Until 1945, the entire south of today’s Czech republic was home to a majority German community. They had lived there for centuries. The expulsion of the Germans from Czechoslovakia at the end of the Second World War was an act of ethnic cleansing of some scale. An estimated 3 million Germans were driven out, including my grand uncle Hans and his family.

There were reasons for the hatred of the Czechoslovakians for their German neighbors. During the 1930’s, the Sudetenland Germans were swept up in the Nazi fervor. In 1938, a year after the Nazis had occupied Austria, Hitler invaded Czechoslovakia with the excuse that he needed to defend the Sudeten Germans because they were being oppressed. This was patent nonsense; the Sudeten Germans had done very well for themselves. They were very much more prosperous than the Czechs. As in Austria, the Sudeten Germans enthusiastically welcomed the Nazis; thousands of people stood on the pavements in every town and village to welcome the invaders. Maybe my grand uncle was amongst them. And like in Austria, as soon as the cheering and festivities were over, the masses turned their energies towards the Jews; the Jews who had lived in Bohemia since the 10th century. They were hauled out of their homes, businesses and shops and first, publicly humiliated – forced to clean the pavements and perform menial tasks before jeering crowds – before being taken away to concentration camps and later, gassed. And maybe my grand uncle was amongst those jeering Jew hating crowds too.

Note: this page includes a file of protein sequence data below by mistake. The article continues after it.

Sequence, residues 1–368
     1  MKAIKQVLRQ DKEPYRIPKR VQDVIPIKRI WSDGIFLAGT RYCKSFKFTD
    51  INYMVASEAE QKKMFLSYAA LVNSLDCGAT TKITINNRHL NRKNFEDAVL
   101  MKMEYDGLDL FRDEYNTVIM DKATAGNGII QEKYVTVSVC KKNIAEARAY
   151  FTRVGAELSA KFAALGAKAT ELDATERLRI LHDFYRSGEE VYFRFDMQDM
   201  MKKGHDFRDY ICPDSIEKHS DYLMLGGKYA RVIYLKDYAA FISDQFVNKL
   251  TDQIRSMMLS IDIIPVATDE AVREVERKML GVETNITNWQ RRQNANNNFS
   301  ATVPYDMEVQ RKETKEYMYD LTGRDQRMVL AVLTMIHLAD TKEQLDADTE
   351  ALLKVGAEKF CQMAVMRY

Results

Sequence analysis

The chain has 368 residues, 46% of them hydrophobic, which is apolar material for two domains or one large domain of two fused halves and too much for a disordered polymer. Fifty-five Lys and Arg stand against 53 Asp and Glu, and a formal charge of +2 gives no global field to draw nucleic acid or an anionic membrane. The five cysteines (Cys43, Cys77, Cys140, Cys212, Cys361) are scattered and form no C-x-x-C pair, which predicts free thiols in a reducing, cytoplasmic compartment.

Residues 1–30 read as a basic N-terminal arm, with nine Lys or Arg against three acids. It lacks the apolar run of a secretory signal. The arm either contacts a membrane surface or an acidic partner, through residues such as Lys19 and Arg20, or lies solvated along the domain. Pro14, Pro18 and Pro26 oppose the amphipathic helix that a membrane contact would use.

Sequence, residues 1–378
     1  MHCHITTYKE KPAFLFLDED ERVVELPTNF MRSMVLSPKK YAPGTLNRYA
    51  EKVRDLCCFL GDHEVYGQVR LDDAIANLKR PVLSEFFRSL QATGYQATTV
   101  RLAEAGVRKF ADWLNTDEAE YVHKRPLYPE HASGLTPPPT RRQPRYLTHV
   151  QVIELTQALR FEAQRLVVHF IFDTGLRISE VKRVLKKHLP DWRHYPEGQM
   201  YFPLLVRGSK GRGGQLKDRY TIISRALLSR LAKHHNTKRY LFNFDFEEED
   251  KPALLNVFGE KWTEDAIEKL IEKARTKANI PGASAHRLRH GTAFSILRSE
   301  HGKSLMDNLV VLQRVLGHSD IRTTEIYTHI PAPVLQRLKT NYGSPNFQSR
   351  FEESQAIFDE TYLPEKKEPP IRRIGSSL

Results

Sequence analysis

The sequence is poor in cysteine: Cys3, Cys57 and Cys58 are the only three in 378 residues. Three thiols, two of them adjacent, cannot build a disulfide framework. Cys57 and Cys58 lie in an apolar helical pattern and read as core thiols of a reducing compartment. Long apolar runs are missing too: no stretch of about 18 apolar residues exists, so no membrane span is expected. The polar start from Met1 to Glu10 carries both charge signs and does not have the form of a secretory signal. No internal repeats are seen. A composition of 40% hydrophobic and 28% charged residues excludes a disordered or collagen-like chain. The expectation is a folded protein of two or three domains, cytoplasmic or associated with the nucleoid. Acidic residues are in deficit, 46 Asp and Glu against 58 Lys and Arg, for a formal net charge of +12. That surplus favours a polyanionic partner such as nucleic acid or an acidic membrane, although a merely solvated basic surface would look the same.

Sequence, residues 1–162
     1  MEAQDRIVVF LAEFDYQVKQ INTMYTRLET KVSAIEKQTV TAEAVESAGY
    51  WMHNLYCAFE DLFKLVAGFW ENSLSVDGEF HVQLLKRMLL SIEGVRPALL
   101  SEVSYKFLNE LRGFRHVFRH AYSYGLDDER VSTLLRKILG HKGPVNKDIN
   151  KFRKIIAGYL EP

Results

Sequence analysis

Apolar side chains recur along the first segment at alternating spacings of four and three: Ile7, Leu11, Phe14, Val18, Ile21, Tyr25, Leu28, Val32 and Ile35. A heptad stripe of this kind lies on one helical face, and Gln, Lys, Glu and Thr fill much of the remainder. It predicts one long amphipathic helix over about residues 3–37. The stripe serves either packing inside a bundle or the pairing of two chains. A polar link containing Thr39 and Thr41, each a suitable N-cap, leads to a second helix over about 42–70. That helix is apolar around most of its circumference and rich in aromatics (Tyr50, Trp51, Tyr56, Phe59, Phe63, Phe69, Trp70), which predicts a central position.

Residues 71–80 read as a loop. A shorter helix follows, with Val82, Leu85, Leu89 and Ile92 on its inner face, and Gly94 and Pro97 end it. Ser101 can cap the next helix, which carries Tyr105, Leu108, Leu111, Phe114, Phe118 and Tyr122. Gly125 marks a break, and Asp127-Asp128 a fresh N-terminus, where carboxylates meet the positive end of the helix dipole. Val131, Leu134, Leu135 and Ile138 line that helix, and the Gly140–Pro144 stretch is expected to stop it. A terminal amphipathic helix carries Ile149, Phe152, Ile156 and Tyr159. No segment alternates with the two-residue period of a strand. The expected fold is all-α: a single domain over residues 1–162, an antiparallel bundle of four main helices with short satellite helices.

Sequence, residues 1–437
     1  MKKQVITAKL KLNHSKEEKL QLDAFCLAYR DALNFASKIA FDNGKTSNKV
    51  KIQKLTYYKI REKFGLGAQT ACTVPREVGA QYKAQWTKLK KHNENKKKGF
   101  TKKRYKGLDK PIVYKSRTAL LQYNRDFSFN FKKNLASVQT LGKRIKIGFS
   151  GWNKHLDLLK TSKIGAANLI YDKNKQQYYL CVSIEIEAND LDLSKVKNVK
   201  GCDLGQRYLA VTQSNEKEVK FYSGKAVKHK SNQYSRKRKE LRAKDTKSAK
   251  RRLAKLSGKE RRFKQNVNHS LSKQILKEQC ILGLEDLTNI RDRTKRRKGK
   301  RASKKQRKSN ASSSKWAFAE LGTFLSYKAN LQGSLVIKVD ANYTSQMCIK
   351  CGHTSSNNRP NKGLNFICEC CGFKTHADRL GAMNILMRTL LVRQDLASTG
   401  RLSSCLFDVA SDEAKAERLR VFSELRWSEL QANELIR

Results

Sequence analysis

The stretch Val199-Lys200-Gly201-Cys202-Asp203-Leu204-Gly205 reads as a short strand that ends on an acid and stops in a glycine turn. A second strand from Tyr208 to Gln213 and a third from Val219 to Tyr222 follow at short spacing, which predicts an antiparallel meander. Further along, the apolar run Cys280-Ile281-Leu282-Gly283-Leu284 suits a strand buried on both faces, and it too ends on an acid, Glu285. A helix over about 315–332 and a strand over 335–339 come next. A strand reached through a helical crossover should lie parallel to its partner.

For five years, the master race lorded it over the Czechs. Then in ’45, with the Red Army advancing and the superior Aryan race in retreat, the Czechs got their revenge. In an orgy of hate, they drove the Germans out and took over their factories, farms, cities and houses. The German textile baron and his family, along with his German workers and the inhabitants of Kaplice, fled in the last months of 1945 leaving everything behind.

In the cycle of hate and revenge unleashed by the Second World War, it was of course the Jews – hated by just about everyone in Europe – who suffered the most.

 

Kafka grew up in Prague and spoke Czech as well as German. Although he wrote in German – and with marvelous fluency – he spoke it with a Czech accent. He was the product of a big European city, one it’s most cultured and urbane, this at a time – the early 20th century – when the great majority of people still lived in villages and small towns, when their livelihood was connected to agriculture.